Latino Heritage and Music

by Miguel Balbuena

National Hispanic Heritage Month is a designated time of celebration of the cultures of Americans whose origins can be traced to Latin America and Spain. Each year it runs Sept. 15 through Oct. 15. Of course, Latinos should commemorate their ancestry every day of year, not just during a 30-day period. In the public domain, Syracuse had its Latin American Festival on Aug. 12 in Clinton Square and its Multicultural Block Party five days later at Skiddy Park.

Born this year was La Feria in the Fair, which was held from Aug. 25 to Aug. 27. in the formerly undeveloped western end of the 375-acre New York State Fairgrounds in the town of Geddes. This end had now been christened the New York Experience and its opening was made possible by the demolition of the Grandstand, whose successor was the Empire Experience Stage, which has similar technical features than the other main one, the Stan Colella Stage at Chevy Court.

The Empire Stage is located in a green space with three gazebos, sturdy lawn chairs, and picnic tables with umbrellas. This space is right next to an artificial lagoon with three water fountains in the middle of it, plus a Polynesian floating hut. It’s a nice place for families and others to frolic, and, when La Feria in the Fair was on, to enjoy the eight free concerts that took place on this raised platform.

But a funny thing happened on the way to the forum, as filmmaker Richard Lester would have put it. The most amusing moment of the three-day event occurred when an unexpected guest proceeded to burst onto the stage to try to one-up the musicians. He was sporting a golden mane, and wearing a navy business suit, a white dress shirt and a red necktie, and the artists called him Mister President while he was giving thumbs up to the public. He snatched the mic from the hands of one of the BombaRoc conga drummers and wouldn’t let go of it. People in the audience wondered aloud whether he was indeed the Occupier in Chief of Trump Tower on Fifth Avenue in Midtown Manhattan, who, on Jan. 20, became also the Commander in Chief of the White House. Some even speculated that he would take the opportunity on stage to make a major U.S. policy proclamation, such as the revelation of the existence of the Latin American Axis of Evil, composed of Mexico, Venezuela and Cuba, to top the Asian Axis of Evil, made up of North Korea, Iran and Iraq.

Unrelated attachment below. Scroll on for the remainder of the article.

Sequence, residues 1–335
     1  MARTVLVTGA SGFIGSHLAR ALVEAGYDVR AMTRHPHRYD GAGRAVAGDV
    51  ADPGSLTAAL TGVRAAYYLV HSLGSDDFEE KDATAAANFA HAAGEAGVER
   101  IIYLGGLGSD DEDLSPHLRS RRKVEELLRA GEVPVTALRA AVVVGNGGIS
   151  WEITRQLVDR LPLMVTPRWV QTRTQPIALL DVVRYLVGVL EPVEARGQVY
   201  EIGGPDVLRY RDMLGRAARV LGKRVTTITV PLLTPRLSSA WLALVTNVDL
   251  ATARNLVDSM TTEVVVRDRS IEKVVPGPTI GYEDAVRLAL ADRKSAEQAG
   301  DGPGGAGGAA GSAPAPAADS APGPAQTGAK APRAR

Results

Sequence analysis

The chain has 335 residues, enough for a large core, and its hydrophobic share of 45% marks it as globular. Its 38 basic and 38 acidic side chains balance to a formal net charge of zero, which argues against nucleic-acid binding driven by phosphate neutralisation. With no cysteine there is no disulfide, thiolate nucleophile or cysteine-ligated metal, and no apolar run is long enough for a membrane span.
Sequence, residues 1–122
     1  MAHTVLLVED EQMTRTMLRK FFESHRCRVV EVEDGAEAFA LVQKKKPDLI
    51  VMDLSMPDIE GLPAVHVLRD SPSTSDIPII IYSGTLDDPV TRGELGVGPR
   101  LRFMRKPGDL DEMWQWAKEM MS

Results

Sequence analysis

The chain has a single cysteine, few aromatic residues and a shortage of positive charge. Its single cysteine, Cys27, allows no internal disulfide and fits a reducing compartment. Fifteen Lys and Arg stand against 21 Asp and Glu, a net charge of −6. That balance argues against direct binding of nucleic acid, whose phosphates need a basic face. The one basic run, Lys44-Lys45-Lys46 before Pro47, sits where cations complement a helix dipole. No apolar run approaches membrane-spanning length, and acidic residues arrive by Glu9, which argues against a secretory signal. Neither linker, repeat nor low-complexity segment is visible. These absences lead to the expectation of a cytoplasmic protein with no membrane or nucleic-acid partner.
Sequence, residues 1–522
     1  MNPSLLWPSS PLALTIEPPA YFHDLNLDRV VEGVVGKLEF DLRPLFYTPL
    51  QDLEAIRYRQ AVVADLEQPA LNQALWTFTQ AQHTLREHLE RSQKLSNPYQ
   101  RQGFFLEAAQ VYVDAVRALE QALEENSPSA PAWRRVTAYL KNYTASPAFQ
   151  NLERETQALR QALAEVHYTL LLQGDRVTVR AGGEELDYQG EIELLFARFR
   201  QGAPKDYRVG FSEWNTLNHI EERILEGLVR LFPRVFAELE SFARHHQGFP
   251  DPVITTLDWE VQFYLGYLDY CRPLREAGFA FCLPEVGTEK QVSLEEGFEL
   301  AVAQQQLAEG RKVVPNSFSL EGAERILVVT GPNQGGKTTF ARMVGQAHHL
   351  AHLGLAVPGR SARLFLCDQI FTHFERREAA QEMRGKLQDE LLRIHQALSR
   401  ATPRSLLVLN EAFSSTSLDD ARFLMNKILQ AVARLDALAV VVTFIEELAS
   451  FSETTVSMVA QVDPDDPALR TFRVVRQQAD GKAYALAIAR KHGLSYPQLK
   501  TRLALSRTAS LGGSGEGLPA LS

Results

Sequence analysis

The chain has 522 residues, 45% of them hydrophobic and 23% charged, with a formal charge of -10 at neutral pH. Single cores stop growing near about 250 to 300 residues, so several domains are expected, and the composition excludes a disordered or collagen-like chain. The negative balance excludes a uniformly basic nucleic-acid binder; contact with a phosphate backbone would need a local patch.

To help sort out the situation I had to remember what the real Donald Trump looked like when I first saw him when he made a splashy appearance on April 16, 2016, at the Pirro Convention Center in Syracuse, to the sounds of the Turner Broadcasting System’s “NBA on TNT” theme song, not of those of “Space Jam’s” as I mistakenly reported two weeks later. A thorough assessment, as to whether the individual in question was in fact the Leader of the Free World, had to take also into account his demeanor. He just couldn’t have resisted the contagious rhythm of bomba music played by the three BombaRoc drummers, and repeatedly shimmied his shoulders and shook his tushie to this beat. Given that such public conduct would have been unprecedented for the head of the Oval Office, I had to conclude that the subject on stage was not the real deal. Instead, he was as much of a fraud as Alec Baldwin’s impersonation of The Donald on National Broadcasting Company’s “Saturday Night Life.”

But the BombaRoc musicians proved to be good sports. They went along with the fake Trump even while they were having trouble getting the mic back from this impostor, who, as it turned out, was wearing a wig, which, to add insult to injury, had been manufactured in China, of all countries.

As the phony billionaire investor’s screed was winding down, he told the artists, “I support you Mexicans.” “We are Puerto Ricans, not Mexicans,” they corrected him.

Prior to the launch of La Feria in the Fair, appearances of Latino performers at the fair were few and far between. I recall attending a Santana concert at its Grandstand on Sept. 3, 1993. Afterwards, its Pan-African Village stage hosted a handful of Latin music acts. This year it had three: Los Claveles, UMB and Afrikan 2.

Something needed to be done to rectify this dire situation. Fortunately, CNY Latino, Excellus BlueCross BlueShield, Molina Healthcare and Somos el Futuro were up to the challenge and banded together to sponsor La Feria, which was such a success that even a dog started dancing salsa directly in front of the stage while the La Muralla Orchestra was performing. The canine was wearing a white coat and glasses, and had a stethoscope hanging from its neck. Upon closer examination, it was Molina Healthcare’s mascot in a costume.

About the author: Miguel Balbuena is a writer in the academic, scientific, journalistic and literary fields (in the fiction and non-fiction genres).